The treatment for a cat’s footpad(paw) injury depends on the severity of the injury. If there is just a little bit of bleeding, the vet will likely use some gauze and tape to stop the bleeding. If there is significant blood loss or if there are deep cuts, the veterinarian may need to stitch up the wound.
The vet will also give you instructions on how to care for your cat at home. Some vets recommend that you apply an antibiotic ointment and wrap your cat’s foot in a bandage for a few days. For more severe injuries, your vet might prescribe oral antibiotics or topical antibiotics.
Cats often get injured in their footpads. When this happens, you will want to take your cat to a veterinarian for treatment. There are many different treatments that can be used to heal a cat’s footpad injury. We would be looking into this in the course of this article.
What Causes A Cat’s Footpad to Become Injured?
Your cat may have an injury when it paws on a foreign body, glass, or plastic. If you notice a wound on your cat’s foot, it is important to contact a veterinarian as soon as possible to avoid infection. While some pad injuries may heal on their own with a non-adherent bandage or splint, you should still avoid allowing your pet to lick the wound.
Some common causes of footpad injuries include foreign objects, catfights, and concrete, and gravel. Minor scrapes and abrasions are treatable at home with mild antibacterial soap and bandage.
In more serious cases, a laceration or puncture wound will need medical attention and may require surgical intervention. A bandage can cause your cat to scratch the area, so it’s best to disinfect tweezers with alcohol before handling the wound.
A cat may be injured by a foreign object while playing or trying to escape from a litter box. While your cat is lame, the foreign object will likely be very painful to touch.
Eventually, the outer part of the footpad will peel off, exposing the damaged fat pad and leaving it susceptible to infection. A vet may need to explore the area where the laceration occurred and sedate the cat to make the process more comfortable for the cat.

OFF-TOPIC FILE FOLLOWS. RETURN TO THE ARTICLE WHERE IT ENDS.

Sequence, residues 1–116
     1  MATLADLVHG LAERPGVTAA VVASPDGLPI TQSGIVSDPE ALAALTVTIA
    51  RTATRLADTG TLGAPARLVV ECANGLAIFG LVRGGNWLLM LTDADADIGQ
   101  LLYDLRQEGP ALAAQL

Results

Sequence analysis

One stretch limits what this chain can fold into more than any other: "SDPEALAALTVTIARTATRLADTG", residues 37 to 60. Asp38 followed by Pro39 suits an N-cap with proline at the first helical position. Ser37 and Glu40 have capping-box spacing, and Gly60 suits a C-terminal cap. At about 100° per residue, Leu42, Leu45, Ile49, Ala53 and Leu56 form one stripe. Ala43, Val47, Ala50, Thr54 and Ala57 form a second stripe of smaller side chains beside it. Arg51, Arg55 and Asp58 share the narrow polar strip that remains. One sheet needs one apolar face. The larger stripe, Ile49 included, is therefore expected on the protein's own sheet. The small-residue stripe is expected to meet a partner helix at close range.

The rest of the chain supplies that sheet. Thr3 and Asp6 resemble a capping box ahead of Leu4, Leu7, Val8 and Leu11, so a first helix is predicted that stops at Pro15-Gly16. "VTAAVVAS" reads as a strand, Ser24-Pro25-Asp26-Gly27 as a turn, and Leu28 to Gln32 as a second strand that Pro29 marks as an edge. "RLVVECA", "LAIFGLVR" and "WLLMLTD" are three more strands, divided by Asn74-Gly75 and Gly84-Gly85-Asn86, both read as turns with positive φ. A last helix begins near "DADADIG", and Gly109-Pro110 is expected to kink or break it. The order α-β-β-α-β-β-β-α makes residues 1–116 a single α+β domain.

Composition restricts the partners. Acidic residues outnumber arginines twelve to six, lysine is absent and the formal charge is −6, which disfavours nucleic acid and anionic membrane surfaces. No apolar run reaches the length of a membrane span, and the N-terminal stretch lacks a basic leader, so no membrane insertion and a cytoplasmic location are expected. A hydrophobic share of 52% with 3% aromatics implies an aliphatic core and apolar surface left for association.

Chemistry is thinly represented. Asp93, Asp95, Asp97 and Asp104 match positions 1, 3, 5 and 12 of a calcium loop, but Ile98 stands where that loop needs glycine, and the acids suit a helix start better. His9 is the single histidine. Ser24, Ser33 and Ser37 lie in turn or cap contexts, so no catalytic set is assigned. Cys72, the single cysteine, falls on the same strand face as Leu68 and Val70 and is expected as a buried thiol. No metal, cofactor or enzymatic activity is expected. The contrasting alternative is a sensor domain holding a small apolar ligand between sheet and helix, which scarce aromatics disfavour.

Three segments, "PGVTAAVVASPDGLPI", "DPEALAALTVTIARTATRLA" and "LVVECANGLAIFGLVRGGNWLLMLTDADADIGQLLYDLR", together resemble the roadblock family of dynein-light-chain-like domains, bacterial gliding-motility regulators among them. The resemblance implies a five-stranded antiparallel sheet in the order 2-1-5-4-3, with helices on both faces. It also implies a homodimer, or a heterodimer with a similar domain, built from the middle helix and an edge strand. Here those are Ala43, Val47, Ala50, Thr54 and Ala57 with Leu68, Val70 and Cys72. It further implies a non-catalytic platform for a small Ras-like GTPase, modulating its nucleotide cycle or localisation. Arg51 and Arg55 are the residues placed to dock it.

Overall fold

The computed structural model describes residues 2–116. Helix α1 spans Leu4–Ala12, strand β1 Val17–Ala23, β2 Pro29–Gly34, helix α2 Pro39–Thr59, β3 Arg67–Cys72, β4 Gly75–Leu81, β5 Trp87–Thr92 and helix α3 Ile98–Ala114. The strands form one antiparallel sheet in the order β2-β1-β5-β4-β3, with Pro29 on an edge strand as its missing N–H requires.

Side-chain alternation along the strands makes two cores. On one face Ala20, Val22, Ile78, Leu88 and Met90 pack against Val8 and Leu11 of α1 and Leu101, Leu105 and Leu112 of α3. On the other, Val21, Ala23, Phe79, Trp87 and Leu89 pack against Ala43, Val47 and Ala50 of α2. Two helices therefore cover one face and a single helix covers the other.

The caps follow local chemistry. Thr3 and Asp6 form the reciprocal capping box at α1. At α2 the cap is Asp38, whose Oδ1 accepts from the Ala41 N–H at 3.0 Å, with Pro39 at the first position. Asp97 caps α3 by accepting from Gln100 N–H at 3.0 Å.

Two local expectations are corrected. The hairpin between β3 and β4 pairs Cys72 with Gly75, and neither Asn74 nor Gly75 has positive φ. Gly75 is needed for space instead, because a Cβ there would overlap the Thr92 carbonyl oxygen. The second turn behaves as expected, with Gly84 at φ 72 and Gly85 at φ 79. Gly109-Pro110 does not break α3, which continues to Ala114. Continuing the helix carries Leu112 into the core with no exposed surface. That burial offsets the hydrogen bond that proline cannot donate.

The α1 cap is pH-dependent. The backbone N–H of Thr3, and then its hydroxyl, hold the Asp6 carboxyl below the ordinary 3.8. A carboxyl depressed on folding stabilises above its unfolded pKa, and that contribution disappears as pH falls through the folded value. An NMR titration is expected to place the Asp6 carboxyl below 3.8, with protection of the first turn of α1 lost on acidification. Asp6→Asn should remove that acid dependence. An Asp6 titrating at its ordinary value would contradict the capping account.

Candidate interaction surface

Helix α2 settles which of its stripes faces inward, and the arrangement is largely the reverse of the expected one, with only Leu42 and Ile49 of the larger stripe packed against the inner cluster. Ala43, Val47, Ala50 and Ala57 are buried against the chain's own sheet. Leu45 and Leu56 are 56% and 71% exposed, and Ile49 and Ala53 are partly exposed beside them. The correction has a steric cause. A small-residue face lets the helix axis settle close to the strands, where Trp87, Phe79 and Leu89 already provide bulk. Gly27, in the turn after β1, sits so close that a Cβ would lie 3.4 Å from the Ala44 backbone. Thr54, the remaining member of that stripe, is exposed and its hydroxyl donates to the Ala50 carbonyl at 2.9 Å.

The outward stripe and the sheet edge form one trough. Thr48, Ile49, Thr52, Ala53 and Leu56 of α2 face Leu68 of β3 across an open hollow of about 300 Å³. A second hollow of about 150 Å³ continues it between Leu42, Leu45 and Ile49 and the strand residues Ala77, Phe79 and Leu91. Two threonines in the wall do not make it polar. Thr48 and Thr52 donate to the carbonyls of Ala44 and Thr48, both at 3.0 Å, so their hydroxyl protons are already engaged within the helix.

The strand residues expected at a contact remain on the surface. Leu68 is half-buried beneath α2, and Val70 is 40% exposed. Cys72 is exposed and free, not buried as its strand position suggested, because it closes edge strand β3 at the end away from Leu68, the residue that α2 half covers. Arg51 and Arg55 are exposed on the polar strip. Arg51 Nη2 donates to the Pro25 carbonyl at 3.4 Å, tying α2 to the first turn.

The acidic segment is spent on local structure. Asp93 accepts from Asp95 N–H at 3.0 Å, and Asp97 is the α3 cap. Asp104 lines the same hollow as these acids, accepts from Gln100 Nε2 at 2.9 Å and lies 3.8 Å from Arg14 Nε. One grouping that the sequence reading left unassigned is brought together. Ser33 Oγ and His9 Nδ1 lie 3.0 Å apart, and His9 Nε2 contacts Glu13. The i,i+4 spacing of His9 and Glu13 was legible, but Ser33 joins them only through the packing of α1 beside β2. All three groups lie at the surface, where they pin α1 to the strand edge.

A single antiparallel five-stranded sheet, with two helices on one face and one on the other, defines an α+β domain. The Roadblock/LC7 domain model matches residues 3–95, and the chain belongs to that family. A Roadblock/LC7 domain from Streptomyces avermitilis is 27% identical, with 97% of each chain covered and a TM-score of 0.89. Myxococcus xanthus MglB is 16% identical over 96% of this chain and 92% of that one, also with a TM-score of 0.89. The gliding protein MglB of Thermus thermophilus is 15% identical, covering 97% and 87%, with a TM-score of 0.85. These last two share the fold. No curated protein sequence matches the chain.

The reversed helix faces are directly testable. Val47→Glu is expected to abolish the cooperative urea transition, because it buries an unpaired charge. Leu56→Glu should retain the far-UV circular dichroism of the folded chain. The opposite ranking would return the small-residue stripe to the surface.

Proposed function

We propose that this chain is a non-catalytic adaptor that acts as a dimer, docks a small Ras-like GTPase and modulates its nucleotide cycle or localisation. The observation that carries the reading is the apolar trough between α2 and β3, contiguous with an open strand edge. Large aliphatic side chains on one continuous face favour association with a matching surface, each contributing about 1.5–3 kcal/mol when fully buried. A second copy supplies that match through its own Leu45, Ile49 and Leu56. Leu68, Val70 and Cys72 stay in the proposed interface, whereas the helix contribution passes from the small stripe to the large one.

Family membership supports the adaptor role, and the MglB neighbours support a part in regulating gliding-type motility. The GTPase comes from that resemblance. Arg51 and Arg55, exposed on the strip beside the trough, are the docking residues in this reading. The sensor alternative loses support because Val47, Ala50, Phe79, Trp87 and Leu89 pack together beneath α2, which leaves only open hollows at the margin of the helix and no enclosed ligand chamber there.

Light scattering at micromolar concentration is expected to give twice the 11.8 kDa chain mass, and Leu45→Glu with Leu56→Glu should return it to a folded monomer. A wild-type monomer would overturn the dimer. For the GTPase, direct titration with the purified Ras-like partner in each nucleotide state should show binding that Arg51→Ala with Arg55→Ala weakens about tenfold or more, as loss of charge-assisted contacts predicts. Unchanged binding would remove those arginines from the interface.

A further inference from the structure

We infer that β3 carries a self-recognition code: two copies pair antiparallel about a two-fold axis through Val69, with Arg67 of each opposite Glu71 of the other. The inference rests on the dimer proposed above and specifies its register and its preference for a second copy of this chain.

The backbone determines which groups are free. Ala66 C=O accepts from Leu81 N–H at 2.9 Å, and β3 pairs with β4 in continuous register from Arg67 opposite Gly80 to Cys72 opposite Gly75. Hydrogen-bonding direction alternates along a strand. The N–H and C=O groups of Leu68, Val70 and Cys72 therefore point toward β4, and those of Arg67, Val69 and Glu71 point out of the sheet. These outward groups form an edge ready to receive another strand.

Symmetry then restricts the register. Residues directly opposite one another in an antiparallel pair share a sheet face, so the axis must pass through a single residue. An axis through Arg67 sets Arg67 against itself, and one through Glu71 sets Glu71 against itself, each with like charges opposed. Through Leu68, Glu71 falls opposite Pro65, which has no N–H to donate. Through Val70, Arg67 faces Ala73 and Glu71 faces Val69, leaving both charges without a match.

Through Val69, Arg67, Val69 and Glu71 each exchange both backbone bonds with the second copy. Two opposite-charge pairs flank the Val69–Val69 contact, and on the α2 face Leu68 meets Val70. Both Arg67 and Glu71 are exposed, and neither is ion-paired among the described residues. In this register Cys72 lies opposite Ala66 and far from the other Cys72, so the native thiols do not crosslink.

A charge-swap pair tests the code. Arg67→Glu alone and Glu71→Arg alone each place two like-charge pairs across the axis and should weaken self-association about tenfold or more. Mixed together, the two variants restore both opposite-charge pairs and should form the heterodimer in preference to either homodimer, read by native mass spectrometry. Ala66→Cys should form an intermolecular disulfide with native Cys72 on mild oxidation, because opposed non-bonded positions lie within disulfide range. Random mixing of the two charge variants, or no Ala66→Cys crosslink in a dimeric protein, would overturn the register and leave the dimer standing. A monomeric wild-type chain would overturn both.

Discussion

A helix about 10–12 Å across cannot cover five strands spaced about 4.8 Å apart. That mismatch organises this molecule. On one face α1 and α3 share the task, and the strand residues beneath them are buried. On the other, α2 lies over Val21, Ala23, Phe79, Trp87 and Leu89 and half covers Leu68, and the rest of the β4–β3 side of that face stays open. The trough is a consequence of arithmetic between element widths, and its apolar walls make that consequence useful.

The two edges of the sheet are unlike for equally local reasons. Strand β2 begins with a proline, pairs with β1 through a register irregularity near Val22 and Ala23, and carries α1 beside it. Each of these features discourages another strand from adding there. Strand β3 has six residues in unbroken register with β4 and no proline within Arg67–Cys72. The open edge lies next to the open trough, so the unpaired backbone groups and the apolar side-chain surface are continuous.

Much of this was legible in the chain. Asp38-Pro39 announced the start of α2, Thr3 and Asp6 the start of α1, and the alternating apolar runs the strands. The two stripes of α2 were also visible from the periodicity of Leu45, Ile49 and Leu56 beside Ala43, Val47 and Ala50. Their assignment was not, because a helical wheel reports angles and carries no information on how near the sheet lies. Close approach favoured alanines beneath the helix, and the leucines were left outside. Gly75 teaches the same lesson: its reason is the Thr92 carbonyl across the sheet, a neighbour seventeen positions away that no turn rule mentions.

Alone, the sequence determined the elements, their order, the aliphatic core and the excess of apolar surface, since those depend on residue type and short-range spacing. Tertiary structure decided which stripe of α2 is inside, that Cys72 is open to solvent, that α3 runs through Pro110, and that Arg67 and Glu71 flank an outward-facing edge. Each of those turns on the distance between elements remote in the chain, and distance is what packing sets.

How To Clean & Treat A Cat’s Paw Injury
Cats have claws, and while it is difficult to clean them yourself, there are a few steps you can take to help them heal. The first step is to wash the injured area with warm water.
Do this at least twice a day, and make sure to clean it after using the litter box. If necessary, apply an animal-safe antiseptic spray. Be sure to avoid hydrogen peroxide or alcohol, as these may cause damage to the footpad.
If the area is irritated by chemicals, such as automotive fluids, rubbing alcohol, or de-icers, you can apply a bandage. You can purchase paw wipes for this purpose or make your own.
Always remember to seek medical advice if the paw pad becomes infected or is bleeding. If the area swells and the skin begins to peel, it may be an indication of an infection.
In the case of burns, burned footpads may be caused by chemicals or extreme heat. Cold surfaces, such as sidewalks, can also cause burn injuries. In addition to hot, wet surfaces, cat footpads may also be irritated by salt and ice.
To soothe these burns, soak the affected area in water for about 10 to 20 minutes. If the area is discolored or swollen, a veterinarian may be needed to examine it and apply antibiotic ointment. In addition to treating the wound, you may need to regularly dress the injured footpad to prevent infection.
Prevention of Cat FootPad Injuries
If you’ve had a cat with a footpad injury, the first thing to do is to isolate the cat and put it in its own litter box. In severe cases, the pad may be transposed so that the toes bear weight on it.
Minor pad injuries are often treated by using chlorhexidine or povidone-iodine to clean them. If the injury is serious, a veterinarian should be contacted. After cleaning the wound, the vet will place a non-adherent bandage or a splint to help display walking forces and prevent infection.
In addition to antibiotics, the vet may also prescribe pain-relieving medications. The pad may also need to be regularly dressed.
In older cats, an overgrown toenail may also cause a foot pad injury. Cat nails grow in a curved shape. The layers of the toenails shed off as new ones grow in.
Scratching helps to remove these layers. When a cat does not scratch, its nails can grow very long and puncture the foot pad. Quick action is essential to minimize the risk of infection.
While the most common cause of swelling and inflammation of foot pads is a bacterial infection, some pets may develop footpad problems due to immune system disorders.
Among the possible causes of footpad injuries, bacterial infections and immune system disorders include eosinophilic granuloma complex and plasma cell pododermatitis. If a biopsy cannot determine the cause, aggressive treatment is necessary.